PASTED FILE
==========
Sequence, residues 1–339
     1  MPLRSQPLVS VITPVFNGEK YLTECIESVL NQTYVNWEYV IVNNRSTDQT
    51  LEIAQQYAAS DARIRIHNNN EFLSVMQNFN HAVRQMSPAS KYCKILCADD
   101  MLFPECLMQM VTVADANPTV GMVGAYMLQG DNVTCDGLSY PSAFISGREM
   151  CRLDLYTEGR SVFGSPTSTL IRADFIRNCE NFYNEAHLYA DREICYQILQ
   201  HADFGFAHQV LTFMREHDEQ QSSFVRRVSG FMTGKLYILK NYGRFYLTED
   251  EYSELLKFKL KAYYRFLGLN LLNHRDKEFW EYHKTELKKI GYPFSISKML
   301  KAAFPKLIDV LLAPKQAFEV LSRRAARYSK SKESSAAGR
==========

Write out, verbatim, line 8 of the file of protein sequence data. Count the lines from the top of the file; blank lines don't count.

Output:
   301  KAAFPKLIDV LLAPKQAFEV LSRRAARYSK SKESSAAGR